NFTs have been a growing trend in the last couple of years. From art to sports, from fashion to videogames, they are expanding from market to market, and the data on their use and prices suggests that they are likely to stay.
Even if they suffer from some minor technical restrictions, NFTs can be used in an array of ways, enriching buyers' and users' experiences while taking advantage of the momentum behind cryptocurrencies, the blockchain and the whole Web3 ecosystem.
NFTs have now been used by different actors, from companies to institutions, so that one may assume that they are well-tested and good-to-go. Nonetheless, they still move in an uncharted territory when it comes to intellectual property rights.
On the one hand, NFTs are minted so that they can connect to “objects” (digital or physical) which are mostly covered by IP rights, such as copyright or trademark; on the other hand, NFTs are not the good or the work itself but just a certificate of ownership of that same NFT.
Since NFTs do not normally vest their owners in the ownership of the good or work to which they refer, they do not also transfer intellectual property rights on the same. Therefore, the owner of the NFT is usually only allowed to sell the NFT to someone else, making another crypto-transaction. Nonetheless, NFTs can embed smart contracts providing for additional rights, such as to receive a royalty for each transfer or just providing a real-world experience to their lucky buyers.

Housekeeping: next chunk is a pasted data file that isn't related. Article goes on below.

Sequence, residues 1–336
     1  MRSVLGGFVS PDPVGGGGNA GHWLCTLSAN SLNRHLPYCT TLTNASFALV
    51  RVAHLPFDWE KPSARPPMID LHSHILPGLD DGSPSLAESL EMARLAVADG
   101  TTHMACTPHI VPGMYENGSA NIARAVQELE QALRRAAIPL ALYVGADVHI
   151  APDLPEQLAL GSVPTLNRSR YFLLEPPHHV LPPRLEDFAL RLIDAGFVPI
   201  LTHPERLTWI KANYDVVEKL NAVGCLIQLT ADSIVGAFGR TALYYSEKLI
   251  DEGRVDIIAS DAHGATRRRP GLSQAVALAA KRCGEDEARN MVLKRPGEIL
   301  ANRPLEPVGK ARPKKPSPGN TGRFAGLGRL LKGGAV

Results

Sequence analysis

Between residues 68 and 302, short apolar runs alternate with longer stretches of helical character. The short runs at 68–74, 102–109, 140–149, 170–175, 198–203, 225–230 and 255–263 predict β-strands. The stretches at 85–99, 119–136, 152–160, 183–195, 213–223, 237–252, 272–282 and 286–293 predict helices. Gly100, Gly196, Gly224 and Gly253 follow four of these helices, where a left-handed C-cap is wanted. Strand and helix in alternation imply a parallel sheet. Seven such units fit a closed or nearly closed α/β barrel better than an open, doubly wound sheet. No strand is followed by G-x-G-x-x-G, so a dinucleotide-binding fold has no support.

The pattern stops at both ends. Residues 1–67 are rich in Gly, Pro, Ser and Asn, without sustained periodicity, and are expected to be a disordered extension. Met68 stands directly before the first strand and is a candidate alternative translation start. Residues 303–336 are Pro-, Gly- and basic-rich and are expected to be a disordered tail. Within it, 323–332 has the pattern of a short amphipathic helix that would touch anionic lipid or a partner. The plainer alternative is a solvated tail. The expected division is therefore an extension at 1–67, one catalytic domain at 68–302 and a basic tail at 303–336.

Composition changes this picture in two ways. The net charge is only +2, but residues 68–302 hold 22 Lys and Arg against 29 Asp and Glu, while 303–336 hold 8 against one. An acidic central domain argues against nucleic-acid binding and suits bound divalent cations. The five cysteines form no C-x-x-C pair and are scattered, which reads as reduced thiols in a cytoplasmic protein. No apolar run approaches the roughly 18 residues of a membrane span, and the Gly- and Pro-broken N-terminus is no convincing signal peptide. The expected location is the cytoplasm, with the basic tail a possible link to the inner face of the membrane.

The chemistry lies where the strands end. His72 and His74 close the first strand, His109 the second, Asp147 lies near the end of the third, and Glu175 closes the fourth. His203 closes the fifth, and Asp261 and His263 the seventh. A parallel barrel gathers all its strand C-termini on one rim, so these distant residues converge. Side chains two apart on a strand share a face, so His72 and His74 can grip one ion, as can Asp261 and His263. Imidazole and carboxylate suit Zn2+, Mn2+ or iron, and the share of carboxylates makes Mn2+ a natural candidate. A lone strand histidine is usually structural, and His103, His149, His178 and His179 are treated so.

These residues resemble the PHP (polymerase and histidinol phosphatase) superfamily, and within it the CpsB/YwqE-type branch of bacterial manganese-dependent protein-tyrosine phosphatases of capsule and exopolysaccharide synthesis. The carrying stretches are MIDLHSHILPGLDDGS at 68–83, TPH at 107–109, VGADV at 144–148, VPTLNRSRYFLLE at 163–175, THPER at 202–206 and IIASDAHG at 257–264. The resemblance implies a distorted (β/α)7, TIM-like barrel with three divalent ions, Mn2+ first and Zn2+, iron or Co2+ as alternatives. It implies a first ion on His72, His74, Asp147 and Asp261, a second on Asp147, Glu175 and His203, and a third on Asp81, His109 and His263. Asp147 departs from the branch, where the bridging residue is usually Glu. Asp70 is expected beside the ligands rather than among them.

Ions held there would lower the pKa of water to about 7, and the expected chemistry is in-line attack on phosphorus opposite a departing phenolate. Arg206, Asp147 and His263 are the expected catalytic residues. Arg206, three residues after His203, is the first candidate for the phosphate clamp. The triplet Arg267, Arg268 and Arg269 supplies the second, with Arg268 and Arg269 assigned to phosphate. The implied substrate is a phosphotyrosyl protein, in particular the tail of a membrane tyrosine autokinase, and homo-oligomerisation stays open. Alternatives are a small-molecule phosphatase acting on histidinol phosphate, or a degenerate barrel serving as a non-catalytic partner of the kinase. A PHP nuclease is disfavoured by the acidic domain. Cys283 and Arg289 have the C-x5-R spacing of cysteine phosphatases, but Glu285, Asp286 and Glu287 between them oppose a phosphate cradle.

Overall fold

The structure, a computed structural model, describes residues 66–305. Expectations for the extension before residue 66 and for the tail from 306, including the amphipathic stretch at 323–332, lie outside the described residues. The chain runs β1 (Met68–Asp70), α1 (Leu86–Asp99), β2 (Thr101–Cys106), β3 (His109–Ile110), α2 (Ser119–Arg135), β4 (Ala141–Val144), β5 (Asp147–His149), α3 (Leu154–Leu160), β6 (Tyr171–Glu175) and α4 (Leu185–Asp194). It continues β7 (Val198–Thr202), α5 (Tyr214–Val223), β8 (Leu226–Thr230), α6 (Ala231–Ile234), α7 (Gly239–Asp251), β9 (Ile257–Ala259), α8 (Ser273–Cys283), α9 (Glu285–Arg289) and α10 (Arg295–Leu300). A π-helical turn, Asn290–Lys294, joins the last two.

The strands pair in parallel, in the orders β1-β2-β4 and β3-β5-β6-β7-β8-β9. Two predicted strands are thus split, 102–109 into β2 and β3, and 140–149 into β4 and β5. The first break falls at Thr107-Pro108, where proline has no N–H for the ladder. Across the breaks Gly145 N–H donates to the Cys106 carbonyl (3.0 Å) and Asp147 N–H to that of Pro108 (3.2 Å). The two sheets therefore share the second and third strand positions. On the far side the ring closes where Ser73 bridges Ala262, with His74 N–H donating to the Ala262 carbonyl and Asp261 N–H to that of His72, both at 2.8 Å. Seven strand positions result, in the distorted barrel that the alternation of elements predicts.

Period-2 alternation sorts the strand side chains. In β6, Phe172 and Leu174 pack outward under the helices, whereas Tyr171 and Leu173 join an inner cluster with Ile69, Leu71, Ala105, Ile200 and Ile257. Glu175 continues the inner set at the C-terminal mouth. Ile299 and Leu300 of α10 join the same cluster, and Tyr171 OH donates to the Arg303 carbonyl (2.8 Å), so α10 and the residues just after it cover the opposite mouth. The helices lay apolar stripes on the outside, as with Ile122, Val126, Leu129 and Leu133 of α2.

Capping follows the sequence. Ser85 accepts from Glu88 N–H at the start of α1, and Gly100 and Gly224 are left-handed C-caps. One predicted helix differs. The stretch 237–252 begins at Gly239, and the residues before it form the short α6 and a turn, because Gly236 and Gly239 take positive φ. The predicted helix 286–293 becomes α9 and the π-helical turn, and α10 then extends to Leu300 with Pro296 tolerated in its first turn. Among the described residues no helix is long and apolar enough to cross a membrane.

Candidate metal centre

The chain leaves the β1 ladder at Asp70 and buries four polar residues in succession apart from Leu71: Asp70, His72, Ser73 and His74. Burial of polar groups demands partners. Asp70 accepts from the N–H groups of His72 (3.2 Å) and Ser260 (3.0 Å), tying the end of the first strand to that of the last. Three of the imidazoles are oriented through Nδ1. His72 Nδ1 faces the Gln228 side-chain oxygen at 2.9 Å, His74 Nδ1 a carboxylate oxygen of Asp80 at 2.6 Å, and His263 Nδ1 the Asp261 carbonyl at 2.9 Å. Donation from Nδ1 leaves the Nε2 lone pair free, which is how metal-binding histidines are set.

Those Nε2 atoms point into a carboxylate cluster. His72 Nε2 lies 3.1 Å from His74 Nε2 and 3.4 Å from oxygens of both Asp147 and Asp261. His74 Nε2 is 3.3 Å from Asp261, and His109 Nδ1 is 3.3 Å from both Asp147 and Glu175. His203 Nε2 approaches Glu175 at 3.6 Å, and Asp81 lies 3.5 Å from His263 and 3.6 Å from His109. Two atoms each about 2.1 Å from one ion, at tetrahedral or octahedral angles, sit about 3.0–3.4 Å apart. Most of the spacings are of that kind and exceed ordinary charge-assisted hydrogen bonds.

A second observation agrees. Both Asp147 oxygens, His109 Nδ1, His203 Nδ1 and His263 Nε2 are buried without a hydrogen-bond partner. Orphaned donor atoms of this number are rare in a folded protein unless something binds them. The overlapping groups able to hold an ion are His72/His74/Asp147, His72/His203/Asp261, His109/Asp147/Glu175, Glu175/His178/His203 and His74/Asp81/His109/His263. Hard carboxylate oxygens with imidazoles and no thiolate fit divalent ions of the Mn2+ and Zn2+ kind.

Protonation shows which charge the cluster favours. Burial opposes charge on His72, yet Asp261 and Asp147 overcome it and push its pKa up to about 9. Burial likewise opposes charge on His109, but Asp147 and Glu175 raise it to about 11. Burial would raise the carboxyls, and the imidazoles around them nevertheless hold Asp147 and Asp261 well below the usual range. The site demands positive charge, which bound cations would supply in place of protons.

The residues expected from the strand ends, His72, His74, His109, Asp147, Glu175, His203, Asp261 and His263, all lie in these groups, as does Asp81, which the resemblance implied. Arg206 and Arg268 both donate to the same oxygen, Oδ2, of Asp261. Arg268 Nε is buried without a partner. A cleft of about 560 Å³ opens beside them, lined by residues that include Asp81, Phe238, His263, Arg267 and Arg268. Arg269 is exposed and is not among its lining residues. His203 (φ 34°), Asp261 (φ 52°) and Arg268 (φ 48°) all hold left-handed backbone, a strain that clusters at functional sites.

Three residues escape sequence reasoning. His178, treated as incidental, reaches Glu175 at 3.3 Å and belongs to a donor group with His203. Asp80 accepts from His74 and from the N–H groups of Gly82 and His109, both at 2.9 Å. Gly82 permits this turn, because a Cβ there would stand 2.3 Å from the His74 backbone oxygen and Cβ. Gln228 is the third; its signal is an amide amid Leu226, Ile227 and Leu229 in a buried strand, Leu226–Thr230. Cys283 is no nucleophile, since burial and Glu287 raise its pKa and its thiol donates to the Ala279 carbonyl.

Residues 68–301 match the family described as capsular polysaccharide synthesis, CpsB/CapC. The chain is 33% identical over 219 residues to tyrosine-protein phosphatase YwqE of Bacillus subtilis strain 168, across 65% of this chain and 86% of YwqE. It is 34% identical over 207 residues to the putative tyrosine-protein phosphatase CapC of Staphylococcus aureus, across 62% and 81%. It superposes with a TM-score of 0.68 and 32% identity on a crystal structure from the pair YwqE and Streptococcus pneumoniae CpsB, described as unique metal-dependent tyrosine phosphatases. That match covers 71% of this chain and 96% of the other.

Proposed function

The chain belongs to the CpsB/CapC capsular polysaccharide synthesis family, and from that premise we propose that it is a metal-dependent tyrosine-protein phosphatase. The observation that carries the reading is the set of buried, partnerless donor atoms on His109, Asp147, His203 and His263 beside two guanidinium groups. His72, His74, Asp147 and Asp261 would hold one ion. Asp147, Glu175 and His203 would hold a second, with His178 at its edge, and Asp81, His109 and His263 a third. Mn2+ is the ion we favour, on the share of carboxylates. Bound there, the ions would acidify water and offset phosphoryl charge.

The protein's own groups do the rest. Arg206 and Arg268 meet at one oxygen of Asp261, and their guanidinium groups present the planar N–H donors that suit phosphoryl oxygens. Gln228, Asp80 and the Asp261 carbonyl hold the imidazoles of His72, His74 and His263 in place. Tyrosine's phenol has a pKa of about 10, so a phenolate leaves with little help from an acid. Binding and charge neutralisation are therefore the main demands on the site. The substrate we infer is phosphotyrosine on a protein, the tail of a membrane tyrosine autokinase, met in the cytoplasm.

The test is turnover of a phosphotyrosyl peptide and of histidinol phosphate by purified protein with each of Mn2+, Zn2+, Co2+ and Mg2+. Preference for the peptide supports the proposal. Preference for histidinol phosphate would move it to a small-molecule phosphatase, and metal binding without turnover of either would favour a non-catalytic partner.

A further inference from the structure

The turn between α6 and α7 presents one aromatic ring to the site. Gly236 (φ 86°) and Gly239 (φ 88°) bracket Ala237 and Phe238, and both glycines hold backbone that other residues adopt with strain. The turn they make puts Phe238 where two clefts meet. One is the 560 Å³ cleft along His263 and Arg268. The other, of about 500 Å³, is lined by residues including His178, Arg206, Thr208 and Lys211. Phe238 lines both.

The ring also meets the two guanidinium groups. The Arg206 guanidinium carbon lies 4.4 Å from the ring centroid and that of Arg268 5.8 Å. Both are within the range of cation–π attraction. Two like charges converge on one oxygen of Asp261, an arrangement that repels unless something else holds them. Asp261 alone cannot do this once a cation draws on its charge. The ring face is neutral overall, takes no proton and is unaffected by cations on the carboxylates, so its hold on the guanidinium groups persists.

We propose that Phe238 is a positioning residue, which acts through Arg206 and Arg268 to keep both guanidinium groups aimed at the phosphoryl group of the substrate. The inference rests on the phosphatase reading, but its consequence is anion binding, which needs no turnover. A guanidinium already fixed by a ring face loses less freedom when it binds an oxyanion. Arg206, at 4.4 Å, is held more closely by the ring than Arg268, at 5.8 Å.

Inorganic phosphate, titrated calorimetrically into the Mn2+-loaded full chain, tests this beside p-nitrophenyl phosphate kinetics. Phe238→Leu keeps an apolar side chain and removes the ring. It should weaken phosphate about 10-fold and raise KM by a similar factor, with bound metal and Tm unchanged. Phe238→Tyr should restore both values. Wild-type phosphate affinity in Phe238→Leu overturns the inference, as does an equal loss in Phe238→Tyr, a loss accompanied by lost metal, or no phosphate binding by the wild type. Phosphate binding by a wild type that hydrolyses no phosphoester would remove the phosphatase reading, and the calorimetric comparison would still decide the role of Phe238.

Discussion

Indeed, when entering into an agreement for the minting of NFTs, you should always check that relevant clauses have been included so that you can evaluate what the consequences are (and if these are bearable) in case these clauses are triggered: always keep an eye out not only on how IP assets are protected and on the scope of the license, but also how and in what currency the NFT can be paid and traded, what obligations and warranties the provider and its platform bring, what happens in case of termination of the agreement, and the applicable law and competent court.
NFTs offer a proof not only of the ownership of the NFT, but also of the chain of title, which might make it seem like everything is tidy and safe, but they do not guarantee that the entity which first minted the NFT had the rights on the good or on the work to create it.
Therefore, before minting or buying a new NFT, you should always make sure that you are not infringing any third-party rights and carry out proper due diligence on its provenance, so that you can make the most out of your crypto-investment and rest assured that it is safe.
The content of this article is intended to provide a general guide to the subject matter. Specialist advice should be sought about your specific circumstances.